When the geologist/explorer John Wesley Powell traveled west before his first legendary voyage down the Grand Canyon in 1869, he observed the highly eroded nature of the western landscapes in the Colorado Plateau region. He described it as the great denudation. The landscapes throughout the western United States shows evidence of a long history of erosion, with what appears that miles of rock have been eroded away (Figures 8-24 to 8-26).

Today, a general consensus among geologists suggest that the Grand Canyon began to form about 5 to 6 million years ago as the Colorado River began to carve the canyon as the Kaibab Plateau began to rise. The canyon is now about a mile deep (Figure 8-25). In many locations, mountain ranges erode nearly as fast as as they are uplifted along faults or as volcanoes form. For instance, in many locations in California's Sierra Nevada Range and SoCal's Peninsular Ranges, the ancient plutons that were once possibly miles below volcanoes of an ancient volcanic arc 70 to 90 million years ago are now exposed as eroded remnants on the landscape. Figure 8-26 shows the eroded roots of a volcanic arc region in the City of Rocks National Preserve in Idaho.

Streams channels act as the main location of erosion on a landscape. The steeper the stream gradient, the more sediments are eroded and transported. Waves energy is a persistent force of erosion along coastlines, carving away exposed bedrock and generating currents that move sediments to sites of deposition offshore (Figure 8-27).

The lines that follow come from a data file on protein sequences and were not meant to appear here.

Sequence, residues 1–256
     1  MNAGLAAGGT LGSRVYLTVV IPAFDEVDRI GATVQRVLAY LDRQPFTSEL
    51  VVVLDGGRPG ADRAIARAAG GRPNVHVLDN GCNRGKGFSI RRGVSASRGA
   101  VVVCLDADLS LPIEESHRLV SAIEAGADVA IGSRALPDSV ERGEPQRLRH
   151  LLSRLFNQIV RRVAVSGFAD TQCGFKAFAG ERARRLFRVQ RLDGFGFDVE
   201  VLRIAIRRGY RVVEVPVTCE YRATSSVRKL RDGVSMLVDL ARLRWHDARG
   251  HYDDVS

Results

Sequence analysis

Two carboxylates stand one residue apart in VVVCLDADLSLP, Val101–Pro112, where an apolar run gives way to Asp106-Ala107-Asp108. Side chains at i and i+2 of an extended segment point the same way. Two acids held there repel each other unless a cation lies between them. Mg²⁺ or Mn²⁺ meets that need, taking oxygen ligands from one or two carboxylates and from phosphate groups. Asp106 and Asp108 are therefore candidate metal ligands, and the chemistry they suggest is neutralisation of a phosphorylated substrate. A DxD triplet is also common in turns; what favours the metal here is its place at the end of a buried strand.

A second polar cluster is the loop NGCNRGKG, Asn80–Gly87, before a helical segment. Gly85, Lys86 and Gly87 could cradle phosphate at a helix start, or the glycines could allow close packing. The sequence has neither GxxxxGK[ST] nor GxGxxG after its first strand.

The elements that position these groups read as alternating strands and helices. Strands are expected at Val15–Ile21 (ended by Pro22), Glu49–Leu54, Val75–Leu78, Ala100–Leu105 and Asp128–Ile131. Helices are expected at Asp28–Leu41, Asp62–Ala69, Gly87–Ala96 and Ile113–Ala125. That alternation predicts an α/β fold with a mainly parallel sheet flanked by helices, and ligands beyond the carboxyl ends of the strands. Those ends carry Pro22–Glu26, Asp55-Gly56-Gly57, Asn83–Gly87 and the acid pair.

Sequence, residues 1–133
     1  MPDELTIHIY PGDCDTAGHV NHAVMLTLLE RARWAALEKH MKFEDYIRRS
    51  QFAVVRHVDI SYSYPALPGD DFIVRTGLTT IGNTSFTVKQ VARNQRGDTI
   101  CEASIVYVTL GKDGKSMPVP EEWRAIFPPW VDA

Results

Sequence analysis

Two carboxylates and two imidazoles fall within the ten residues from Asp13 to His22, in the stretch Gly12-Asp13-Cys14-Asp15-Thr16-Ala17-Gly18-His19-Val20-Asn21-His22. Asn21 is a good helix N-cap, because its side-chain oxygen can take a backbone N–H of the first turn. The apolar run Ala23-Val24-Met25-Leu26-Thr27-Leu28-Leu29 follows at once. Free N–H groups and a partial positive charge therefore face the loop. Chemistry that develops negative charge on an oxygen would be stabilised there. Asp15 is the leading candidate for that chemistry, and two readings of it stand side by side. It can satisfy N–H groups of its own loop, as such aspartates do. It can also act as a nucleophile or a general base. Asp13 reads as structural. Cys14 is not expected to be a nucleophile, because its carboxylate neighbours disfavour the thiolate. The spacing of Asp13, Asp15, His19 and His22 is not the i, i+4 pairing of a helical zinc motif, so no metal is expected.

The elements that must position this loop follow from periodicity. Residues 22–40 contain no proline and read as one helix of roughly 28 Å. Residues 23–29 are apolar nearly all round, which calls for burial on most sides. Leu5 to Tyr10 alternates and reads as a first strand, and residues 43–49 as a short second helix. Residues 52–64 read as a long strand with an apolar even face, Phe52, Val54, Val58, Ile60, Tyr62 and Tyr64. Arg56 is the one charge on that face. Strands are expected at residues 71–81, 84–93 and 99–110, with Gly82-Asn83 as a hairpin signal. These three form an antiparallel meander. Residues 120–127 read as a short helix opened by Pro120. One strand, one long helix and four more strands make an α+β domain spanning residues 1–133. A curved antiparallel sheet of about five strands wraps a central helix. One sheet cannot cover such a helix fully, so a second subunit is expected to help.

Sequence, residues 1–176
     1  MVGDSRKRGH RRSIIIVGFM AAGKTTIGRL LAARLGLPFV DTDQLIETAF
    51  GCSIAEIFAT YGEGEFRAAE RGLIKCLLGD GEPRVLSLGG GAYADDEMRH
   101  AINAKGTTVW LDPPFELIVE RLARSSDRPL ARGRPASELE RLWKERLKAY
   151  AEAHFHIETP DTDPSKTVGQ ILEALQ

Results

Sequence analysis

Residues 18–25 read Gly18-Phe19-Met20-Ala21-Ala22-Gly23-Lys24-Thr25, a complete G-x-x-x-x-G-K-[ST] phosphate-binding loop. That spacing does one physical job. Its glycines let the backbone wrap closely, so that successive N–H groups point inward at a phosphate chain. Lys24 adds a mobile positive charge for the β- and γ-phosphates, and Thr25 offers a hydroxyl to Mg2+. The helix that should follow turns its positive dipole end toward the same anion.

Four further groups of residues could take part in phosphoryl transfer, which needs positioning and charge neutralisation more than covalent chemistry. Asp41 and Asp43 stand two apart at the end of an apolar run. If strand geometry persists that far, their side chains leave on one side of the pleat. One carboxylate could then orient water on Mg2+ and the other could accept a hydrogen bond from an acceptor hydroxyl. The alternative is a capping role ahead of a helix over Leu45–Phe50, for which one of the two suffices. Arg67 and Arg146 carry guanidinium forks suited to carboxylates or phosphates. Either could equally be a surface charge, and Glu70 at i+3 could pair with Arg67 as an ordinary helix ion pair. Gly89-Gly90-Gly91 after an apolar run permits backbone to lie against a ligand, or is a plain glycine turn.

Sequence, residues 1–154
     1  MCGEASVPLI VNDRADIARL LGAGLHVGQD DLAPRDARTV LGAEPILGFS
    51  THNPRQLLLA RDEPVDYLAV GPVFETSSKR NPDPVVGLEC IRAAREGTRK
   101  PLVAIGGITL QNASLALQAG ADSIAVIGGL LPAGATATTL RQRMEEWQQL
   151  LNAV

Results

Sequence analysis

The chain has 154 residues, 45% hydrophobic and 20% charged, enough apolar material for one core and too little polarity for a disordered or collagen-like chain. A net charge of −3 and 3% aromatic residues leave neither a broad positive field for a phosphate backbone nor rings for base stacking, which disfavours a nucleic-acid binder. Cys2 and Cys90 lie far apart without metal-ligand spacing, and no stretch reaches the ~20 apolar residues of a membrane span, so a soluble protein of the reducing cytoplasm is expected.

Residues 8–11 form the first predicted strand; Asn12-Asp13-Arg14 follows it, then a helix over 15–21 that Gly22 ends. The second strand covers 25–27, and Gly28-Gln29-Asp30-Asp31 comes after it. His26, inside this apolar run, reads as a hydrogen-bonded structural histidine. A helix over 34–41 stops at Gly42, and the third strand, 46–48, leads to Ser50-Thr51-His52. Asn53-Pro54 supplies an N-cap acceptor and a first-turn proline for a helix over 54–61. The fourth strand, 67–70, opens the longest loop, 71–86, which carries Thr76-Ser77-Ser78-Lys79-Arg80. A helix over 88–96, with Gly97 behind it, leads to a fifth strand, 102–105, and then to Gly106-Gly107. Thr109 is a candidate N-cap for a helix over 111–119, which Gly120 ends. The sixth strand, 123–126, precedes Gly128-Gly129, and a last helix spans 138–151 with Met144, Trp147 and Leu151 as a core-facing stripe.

Human activity has become a dominant force of erosion in many parts of the world. In some places, mining operations, constructions of highways, and construction in urban areas have moved more materials than natural erosion has moved in millions of years (Figure 8-28).
Topography and bathymetry of the Monterey Bay Region.
Fig. 8-23. Erosion takes place both on land and on the seabed.

Erosion has careved the mile-deep Grand Canyon in a period of 5-6 million years.Fig. 8-25. The Colorado River has eroded away a mile of rock where it crosses the Kaibab Plateau in the Grand Canyon.

Wave action eroding sea cliffs in Point Reyes National Seashore.
Fig. 8-27. Wave erosion is persistent, causing significant erosion and generating massive amounts of sediment.

Erosion of landscapes over time can remove massive amount of material, sometines measured in miles.
Fig. 8-24. The modern landscape in many regions is the eroded remnants of ancient landscapes and landforms.

City of rocks is the eroded remnant of a much greater volcanic arc.
Fig 8-26. Oval-shaped plutons of granite in City of Rocks National Preserve, Idaho are all that remain of an ancient volcanic arc that eroded away long ago.

A massive silver mine in Nevada illustrates humans as a force of erosion.
Fig. 8-28. Human activity is now moving vast amounts of earth materials, more than natural processes of erosion in many regions. This is a silver mine in Nevada.


Sediments are solid fragments of inorganic or organic material that come from the weathering of rock and soil erosion, and are carried and deposited by wind, water, or ice. Sediments range in size from large blocks to microscopic particles. Figure 8-29 shows the technical definition of sediment particles (rock fragments). However, general usage is as follows ranging from largest to smallest: boulders, cobbles, gravel, sand, silt, and clays (Figures 8-30 to 8-33).